I see that Ryan Avent is also appalled by the revelations in the recent Hilsenrath story:
THE Wall Street Journal‘s Jon Hilsenrath has written a nice piece on the Fed’s internal battle over when and how to taper, and it’s filled with one groan-inducing moment after another.
Purchases, the Fed said then, would continue until there was substantial improvement in labour markets and so long as price stability was not at risk. By early 2013 the unemployment rate had fallen a bit but remained well above the Fed’s estimate of “normal”. Inflation, meanwhile, was if anything too low. And what, at that moment, were our Fed governors worrying about?
By April more officials, including the governors, were getting worried about terms like “QE-ternity” and “QE-infinity” floating around financial markets, which suggested some investors thought the program was boundless, according to people familiar with Fed discussions. The Fed officials thought the job market had made enough progress to warrant discussing an exit.
“We’re in this box because we’ve got an open-ended program, and we didn’t figure out how we were going to end it when we started,” Richmond Fed President Jeffrey Lacker , an opponent of the program, said in an interview.
Who cares about the economic fundamentals, the dual mandate, when Wall Street is coining terms?
The Fed now has a triple mandate:
1. Low inflation.
2. High employment.
3. Minimizing the number of sarcastic comments from Wall Street that might make their lives more embarrassing at cocktail parties with rich people.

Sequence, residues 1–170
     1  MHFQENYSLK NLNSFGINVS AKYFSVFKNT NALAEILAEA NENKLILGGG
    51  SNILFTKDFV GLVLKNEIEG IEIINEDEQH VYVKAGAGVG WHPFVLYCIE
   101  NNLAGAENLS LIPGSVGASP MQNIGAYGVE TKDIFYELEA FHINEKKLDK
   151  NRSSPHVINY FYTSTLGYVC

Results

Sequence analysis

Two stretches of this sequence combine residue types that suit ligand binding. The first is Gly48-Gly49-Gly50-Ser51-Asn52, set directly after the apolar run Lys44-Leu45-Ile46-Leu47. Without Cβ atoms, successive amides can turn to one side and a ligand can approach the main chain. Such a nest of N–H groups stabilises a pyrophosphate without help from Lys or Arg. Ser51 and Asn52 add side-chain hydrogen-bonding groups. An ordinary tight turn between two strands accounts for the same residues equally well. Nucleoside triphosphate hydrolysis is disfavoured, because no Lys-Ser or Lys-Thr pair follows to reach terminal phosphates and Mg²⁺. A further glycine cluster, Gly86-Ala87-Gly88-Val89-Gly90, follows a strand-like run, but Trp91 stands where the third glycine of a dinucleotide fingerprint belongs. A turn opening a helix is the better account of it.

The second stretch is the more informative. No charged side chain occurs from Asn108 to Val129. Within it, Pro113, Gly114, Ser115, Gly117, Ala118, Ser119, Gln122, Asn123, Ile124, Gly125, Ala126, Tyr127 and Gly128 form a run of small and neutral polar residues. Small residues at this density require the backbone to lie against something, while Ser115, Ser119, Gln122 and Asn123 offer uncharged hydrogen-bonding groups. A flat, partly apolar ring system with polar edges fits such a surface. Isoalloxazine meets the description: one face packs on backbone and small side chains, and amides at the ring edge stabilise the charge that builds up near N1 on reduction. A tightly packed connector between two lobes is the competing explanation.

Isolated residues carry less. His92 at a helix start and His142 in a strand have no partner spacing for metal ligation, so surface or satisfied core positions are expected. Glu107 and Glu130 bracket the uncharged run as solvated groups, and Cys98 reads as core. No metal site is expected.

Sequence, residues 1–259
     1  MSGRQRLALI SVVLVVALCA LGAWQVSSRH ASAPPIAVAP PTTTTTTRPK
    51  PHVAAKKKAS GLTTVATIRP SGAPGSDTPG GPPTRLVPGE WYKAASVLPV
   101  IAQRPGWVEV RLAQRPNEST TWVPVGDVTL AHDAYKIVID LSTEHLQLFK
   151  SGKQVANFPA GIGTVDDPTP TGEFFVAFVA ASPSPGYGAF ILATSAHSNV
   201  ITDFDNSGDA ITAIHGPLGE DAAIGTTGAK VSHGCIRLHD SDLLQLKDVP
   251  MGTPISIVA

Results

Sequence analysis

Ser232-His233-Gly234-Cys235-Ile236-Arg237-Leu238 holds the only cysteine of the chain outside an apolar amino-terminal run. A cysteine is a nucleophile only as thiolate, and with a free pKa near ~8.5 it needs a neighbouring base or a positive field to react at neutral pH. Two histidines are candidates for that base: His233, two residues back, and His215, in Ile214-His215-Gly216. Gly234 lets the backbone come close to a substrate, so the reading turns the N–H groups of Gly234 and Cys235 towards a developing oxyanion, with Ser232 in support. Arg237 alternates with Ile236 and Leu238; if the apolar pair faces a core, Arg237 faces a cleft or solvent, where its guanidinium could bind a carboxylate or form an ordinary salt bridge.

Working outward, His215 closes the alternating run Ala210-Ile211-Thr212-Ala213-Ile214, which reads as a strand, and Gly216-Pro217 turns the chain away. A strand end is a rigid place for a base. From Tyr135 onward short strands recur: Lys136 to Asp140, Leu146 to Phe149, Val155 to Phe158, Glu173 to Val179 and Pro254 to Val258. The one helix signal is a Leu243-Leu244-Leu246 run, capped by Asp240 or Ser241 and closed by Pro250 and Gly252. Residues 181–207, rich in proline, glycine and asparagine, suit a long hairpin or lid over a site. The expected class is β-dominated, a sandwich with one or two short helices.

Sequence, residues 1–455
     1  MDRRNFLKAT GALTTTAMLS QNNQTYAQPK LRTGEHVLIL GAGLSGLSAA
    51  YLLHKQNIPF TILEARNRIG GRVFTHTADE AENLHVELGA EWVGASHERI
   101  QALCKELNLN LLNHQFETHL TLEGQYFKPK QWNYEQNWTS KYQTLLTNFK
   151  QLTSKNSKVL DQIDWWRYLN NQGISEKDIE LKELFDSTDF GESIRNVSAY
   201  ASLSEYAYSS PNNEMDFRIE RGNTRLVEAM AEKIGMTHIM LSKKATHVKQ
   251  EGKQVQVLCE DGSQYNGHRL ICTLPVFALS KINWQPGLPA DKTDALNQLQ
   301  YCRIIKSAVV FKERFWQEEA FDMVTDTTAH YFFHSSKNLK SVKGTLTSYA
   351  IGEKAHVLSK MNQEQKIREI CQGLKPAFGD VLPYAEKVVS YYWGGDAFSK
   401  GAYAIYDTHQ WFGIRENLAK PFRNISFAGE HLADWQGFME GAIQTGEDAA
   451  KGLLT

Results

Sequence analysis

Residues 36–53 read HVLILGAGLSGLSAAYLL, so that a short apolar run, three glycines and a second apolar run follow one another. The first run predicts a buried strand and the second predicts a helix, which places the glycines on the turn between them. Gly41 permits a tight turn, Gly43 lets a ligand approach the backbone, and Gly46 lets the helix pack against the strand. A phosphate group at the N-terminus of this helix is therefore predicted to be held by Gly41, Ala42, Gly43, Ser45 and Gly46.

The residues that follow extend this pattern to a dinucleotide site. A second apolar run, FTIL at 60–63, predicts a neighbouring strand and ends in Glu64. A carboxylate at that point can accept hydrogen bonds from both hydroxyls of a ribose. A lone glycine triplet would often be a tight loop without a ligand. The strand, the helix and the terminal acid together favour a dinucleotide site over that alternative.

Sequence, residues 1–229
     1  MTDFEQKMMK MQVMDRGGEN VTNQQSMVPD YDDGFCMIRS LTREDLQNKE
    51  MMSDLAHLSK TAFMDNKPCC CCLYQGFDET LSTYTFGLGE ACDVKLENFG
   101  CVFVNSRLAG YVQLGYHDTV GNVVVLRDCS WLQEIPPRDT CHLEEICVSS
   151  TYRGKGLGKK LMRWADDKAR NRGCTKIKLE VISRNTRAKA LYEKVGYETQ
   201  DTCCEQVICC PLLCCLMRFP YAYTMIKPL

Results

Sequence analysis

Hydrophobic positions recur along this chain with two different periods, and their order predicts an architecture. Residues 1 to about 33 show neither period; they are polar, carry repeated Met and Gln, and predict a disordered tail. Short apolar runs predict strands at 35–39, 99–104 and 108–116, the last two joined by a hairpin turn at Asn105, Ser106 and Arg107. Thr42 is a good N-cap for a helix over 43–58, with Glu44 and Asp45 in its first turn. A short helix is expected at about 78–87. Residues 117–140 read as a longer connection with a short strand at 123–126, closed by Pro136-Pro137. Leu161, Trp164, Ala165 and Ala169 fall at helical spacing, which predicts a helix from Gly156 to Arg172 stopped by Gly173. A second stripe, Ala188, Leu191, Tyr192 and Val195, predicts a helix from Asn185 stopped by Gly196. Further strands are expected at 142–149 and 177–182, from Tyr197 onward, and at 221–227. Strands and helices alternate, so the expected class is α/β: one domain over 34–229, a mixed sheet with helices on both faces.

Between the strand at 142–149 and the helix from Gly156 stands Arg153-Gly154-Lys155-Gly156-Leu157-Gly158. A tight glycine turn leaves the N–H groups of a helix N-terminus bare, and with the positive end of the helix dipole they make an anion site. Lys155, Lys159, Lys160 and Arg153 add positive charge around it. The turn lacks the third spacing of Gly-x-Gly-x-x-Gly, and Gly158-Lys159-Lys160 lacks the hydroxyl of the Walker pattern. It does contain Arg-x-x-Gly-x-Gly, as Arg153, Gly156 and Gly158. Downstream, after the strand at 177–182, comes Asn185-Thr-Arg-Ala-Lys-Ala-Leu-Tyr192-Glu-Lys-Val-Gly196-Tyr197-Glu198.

Back in 2009 I tried to convince people that Obama was partly to blame for the mess, as he wasn’t taking monetary policy at all seriously. Now that is becoming the conventional wisdom. Once again, here is Ryan Avent:
It comes as no surprise that Jeremy Stein, a member of the tightening troika, would be anxious to pare down purchases; since beginning his term last year he has spoken repeatedly about the threat of financial instability. But one can’t help but notice that two of the three governors leading the charge to taper were appointed by Barack Obama. Who also left seats on the Board of Governors unfilled for an extended period of time despite the rickety state of the economy. And who has also completely misplayed the process of nominating a successor to Ben Bernanke as chair of the Board of Governors.
One is tempted to conclude that Mr Obama simply doesn’t care much about monetary policy, and when he does turn his attention in that direction is mainly concerned with bubble prevention. This is an egregious error, especially given the state of fiscal policy over the past two years (and the cost of economic weakness to his popularity and agenda, for that matter). He obviously had his opponents on Capitol Hill to deal with; Senator Richard Shelby opposed economics Nobelist and Obama nominee Peter Diamond for the board on the grounds that the man wasn’t qualified. Yet the administration’s failure to take monetary policy seriously looks increasingly culpable in America’s lousy recovery.